A new Gartner report highlights security problems posed by portable electronics, but many experts question its conclusions.
Is that cell phone a Trojan horse? It might be, according to a recently released report, "How to Tackle the Threat From Portable Storage Devices," by The Gartner Group discussing the security risks associated with the proliferation of small USB- and Firewire-enabled electronics and peripherals.
As as the cost of RAM chips and hard drives continue to fall, a wide and growing variety of small and inexpensive devices are available with substantial memory capacity. PDAs, cell phones and smartphones typically have up to 64MB onboard, and often support removable media. "Thumbnail drives" can put a gigabyte of storage on a keychain, and portable hard drives can place 80GB in a jacket pocket. Collectively, these devices make possible the uncontrolled transfer of large quantities of data into and out of business networks.
According to the Gartner report, the problem originated with the release of Windows 2000 and the wide deployment of systems able to automatically recognize USB and Firewire connections. This advance placed high-capacity, high-speed and easily connected storage in the hands of end users, and dramatically reduced the control that IT staffs excercise over the flow of data into and out of their networks.
Gartner identified two distinct types of threats posed by portable storage devices. First, they can act as a delivery mechanism for viruses and other malicious code that might otherwise be blocked by firewalls and mail servers. Second, they provide an easy method for users to steal large quantities of sensitive corporate data and intellectual property. In response, Gartner suggests a variety of practices for restricting the use of such devices and limiting employee access to sensitive data, ranging from banning portable storage devices entirely to an increased focus on data encryption and digital rights management.
Security professionals readily acknowledge the risks posed by these devices. "Recent advances such as USB storage devices up the ante in terms of storage capacity as well as ease of use," said Dave Cole, vice president of product management for security firm Foundstone Inc.
"As a result, an attacker can now very quickly upload a sophisticated malicious program such as a Trojan horse application or steal intellectual property with little effort and a smaller chance of detection than ever before."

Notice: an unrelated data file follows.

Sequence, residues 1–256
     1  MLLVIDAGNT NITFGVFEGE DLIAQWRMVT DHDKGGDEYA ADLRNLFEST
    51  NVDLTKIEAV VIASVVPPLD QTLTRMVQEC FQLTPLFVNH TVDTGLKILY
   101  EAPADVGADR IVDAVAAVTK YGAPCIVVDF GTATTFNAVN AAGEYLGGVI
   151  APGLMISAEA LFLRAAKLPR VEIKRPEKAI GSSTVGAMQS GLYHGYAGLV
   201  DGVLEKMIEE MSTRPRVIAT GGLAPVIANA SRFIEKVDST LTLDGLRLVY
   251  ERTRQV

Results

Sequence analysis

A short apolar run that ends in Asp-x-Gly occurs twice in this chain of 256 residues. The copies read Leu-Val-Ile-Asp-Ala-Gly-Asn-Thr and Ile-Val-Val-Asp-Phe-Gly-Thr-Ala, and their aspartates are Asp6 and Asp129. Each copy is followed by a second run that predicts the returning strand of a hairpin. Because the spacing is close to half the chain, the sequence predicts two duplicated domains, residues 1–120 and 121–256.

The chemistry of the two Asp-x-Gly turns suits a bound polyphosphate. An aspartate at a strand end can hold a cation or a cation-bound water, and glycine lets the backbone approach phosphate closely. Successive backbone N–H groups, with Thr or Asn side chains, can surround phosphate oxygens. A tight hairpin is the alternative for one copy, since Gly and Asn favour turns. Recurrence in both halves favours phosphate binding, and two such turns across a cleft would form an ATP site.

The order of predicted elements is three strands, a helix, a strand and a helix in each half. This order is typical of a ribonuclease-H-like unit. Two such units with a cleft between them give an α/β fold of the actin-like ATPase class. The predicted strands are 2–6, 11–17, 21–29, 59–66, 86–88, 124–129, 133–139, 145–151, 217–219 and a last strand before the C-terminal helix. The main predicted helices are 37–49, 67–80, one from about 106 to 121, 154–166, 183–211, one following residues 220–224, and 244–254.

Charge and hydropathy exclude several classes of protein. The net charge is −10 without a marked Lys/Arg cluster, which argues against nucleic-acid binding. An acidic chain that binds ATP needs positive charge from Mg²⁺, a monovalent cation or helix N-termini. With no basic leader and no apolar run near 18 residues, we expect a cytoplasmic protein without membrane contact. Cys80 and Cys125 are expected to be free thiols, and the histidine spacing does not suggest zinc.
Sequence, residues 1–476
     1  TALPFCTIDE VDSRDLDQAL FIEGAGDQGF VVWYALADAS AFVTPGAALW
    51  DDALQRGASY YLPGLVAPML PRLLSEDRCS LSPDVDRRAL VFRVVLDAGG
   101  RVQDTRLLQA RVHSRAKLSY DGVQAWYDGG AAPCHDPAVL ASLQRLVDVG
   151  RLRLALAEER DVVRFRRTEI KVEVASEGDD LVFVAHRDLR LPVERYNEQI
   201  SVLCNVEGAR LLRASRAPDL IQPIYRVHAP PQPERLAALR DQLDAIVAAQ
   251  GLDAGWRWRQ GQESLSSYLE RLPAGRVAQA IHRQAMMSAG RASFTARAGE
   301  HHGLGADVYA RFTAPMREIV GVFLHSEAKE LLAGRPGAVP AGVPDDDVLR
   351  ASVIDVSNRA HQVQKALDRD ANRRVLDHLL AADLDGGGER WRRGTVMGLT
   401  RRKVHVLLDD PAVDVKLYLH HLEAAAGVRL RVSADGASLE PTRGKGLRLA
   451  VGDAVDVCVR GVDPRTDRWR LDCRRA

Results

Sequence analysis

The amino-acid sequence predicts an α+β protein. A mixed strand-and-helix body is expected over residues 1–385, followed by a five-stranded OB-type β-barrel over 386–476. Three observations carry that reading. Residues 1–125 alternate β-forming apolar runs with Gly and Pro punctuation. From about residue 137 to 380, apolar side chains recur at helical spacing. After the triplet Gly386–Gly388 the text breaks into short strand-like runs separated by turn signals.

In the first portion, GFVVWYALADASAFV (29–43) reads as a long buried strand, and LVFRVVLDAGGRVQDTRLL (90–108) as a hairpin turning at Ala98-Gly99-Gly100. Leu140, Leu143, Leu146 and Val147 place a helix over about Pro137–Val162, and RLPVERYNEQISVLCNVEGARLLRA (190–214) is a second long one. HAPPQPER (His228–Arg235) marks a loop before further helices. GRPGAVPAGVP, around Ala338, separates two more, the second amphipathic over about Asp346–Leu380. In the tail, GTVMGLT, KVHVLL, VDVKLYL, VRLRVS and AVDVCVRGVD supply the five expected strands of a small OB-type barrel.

Many experts, however, question both Gartners suggestion that this is a new problem and its recommended best practices.
"Removable storage has been around and been a security risk since the advent of the computer, even before the network became a security threat. ... Shedding fresh light on this issue is always of benefit, but should be viewed in the grander picture of the security risks posed by all technologies capable of moving sensitive and valuable information at the desktop/laptop," said Tomas Revesz, vice president of information systems at Waltham, Mass.-based security software developer Verdasys Inc.
Counterpane Internet Security Inc.
CTO Bruce Schneier has even greater doubts. "I think the Gartner report is kind of silly. ... In the end, you have to trust your employees. If they want to steal information, if they make mistakes, theyll do it regardless. You can change the mechanisms of those actions, but dont confuse changing mechanisms with making things safer," he said.
On the other hand, Rebecca Bace, president and CEO of network security consultancy Infidel
, posits that the report could serve as a valuable part of a broader push to re-evaluate common assumptions and strategies. "As a community, weve spent a lot of time dealing with security issues that impact availability of network service; the removable media security issues might serve as a reminder that its time to circle back and revisit fundamental issues of data confidentiality and access control," Bace said.
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